But party discipline is more effective than curare for disabling those seditious muscles at the corner of the mouth, and when Tony Colman rose to put the first question to Nick Brown his manner betrayed not a scintilla of levity. He acted as if his party card would be shredded at the merest hint of frivolity and Mr Brown matched him for stolid, eyes-front gravity.
Mr Colman can't be blamed for the fact that an inquiry thrown as a bouquet - designed to be caught by the minister with masterful ease - had turned into a custard pie shortly after leaving his hands. But both men were foolish to try to pretend that nothing had happened at all, since you could have bet your pension that the first Tory to rise would point out the joke.
It turned out to be Nick St Aubyn, who didn't make much of a fist of it, being too anxious to press on and mention two of his constituents, the Prestons - currently domiciled in Japan and apparently unsettled over their imminent return to England, with or without furry friends. Mr St Aubyn berated Mr Brown for his lack of pace and tried to sound angry about the fact that the Prestons' "hopes have been dashed". He failed, since the amiable Mr Brown cuts an implausible figure as a cold-hearted villain.
Mr St Aubyn knew this perfectly well, but his lack of conviction won't matter too much, since Hansard doesn't record the sincerity of the speakers, only what they say. The Prestons will eventually get their clipping - evidence that their MP will leave no stone unturned to keep constituent and canine together.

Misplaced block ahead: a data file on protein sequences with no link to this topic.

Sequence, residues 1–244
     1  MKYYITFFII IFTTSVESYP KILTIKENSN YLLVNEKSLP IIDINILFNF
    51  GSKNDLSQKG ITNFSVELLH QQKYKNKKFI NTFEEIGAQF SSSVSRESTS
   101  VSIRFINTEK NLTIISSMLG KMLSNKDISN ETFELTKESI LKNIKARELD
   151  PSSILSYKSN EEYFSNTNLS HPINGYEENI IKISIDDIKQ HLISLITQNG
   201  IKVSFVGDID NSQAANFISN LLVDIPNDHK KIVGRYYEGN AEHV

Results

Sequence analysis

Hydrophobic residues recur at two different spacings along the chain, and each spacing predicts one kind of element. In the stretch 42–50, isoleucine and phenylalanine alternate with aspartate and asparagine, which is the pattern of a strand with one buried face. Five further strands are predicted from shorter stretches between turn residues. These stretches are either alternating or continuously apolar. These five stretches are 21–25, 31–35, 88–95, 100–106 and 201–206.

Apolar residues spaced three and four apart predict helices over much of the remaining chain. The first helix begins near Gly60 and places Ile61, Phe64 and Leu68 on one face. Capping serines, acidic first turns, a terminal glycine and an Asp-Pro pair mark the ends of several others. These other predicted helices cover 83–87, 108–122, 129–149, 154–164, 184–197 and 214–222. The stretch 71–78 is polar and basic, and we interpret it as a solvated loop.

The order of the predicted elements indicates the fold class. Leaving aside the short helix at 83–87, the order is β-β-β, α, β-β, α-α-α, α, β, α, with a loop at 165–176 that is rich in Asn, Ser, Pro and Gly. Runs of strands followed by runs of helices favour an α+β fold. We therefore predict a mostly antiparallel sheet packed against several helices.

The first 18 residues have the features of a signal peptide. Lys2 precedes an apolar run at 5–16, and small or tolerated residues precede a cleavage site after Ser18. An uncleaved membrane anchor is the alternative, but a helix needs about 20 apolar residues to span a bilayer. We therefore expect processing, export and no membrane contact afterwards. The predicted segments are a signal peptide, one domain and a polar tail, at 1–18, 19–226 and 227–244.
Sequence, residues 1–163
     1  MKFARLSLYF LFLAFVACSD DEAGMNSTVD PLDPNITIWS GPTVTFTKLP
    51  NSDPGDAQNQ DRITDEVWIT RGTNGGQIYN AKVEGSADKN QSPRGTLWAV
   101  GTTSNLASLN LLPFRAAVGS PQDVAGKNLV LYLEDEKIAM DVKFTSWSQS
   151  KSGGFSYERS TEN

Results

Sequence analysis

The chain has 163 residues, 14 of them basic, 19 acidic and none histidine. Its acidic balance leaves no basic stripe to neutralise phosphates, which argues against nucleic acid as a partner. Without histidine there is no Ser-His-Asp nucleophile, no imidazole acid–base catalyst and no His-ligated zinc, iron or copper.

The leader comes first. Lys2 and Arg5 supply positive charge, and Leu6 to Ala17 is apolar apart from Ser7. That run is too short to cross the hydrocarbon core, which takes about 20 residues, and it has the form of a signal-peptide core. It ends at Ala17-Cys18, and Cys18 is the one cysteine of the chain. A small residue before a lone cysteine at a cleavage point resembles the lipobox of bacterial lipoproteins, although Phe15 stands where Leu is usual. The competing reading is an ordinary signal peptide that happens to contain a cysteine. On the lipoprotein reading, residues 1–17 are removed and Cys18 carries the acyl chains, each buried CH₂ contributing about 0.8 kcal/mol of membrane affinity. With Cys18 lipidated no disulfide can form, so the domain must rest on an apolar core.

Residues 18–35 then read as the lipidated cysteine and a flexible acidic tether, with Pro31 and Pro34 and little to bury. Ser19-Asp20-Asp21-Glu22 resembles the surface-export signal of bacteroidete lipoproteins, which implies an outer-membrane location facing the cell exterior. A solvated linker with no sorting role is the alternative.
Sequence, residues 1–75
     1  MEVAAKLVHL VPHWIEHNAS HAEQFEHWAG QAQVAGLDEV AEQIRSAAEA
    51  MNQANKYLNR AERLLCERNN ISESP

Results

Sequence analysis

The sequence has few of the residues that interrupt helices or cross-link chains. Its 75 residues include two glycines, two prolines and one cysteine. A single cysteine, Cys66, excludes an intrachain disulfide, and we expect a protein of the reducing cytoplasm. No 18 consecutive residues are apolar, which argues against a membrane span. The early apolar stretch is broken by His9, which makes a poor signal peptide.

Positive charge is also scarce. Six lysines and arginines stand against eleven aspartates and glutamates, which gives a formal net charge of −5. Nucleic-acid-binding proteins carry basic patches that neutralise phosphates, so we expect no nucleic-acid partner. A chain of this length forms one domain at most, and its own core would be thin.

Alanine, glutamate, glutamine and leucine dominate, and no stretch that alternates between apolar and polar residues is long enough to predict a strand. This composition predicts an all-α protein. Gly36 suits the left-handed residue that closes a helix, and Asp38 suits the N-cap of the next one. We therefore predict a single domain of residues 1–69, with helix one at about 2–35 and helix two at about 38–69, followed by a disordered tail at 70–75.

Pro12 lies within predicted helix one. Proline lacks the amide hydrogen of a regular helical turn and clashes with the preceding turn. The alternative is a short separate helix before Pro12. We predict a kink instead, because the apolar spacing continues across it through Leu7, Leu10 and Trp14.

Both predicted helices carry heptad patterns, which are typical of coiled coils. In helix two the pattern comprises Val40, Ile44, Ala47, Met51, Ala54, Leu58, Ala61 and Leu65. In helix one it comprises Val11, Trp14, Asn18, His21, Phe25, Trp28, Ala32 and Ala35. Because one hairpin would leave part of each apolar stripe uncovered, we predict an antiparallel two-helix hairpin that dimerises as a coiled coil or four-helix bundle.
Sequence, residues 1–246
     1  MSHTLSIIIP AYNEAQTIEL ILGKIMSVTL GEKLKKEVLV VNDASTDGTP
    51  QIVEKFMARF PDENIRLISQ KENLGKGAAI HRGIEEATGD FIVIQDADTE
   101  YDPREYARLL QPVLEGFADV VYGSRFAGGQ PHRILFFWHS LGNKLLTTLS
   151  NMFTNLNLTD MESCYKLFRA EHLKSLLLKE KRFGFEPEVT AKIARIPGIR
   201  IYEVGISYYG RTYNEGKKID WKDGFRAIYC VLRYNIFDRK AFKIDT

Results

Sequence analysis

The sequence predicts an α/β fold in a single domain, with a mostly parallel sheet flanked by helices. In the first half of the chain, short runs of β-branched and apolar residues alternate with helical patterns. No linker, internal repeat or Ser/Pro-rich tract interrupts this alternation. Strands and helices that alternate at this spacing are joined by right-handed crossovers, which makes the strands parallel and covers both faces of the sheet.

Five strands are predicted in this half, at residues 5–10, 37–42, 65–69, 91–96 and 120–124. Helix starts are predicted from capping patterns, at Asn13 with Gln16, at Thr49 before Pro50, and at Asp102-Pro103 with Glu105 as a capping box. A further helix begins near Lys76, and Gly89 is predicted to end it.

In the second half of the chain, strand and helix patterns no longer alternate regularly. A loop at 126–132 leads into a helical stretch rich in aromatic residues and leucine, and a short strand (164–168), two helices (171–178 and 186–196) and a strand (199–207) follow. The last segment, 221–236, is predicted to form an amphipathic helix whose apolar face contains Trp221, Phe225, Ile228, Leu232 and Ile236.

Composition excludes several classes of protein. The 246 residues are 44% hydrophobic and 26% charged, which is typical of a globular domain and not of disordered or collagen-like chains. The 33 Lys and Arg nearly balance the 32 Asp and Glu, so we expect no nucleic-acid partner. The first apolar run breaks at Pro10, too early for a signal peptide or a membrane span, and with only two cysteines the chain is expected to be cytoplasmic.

This happens a fair amount in the Commons - the sudden eruption of a request-programme name-check into what is notionally a general discussion of policy. The more assiduous MPs can give you the impression that they are busy working their way through the electoral register, determined to mention every single voter by the time of the next election.
In most cases, though, getting your name into Hansard involves a certain amount of discomfort, since it is often attached to criticism to add a bit of emotional leverage. Protesting against government inaction over the current pig crisis, for instance, John Healey drew the minister's attention to Mr and Mrs Brooks, who had recently, he said, taken out their first overdraft in four generations of farming. As a cry of pain this might not strike the average urban wage-slave as very piercing - indeed it might cross their minds that the Brooks had been living pretty high on the hog for most of the century. But scepticism is not an option for the minister in such circumstances - the only safe course is to match the concern ounce for ounce.
Occasionally the puff for a constituent will be even more shameless. That same question on the pig industry provided Hilton Dawson with just the opportunity he had been looking for. He had praised Gargrave sausages before, he reminded us, and Hansard reporters had been so moved by his endorsement that they had asked him to obtain some. A shipment was even now on its way and, should the minister wish it, he would set aside some of "Mary Miller's" excellent product for him.
In its way, this was the most honest name-check of them all. It's all advertising, after all - whether the product being pushed is an MP's attention to detail or a pound of the finest pork sausages.Reuse content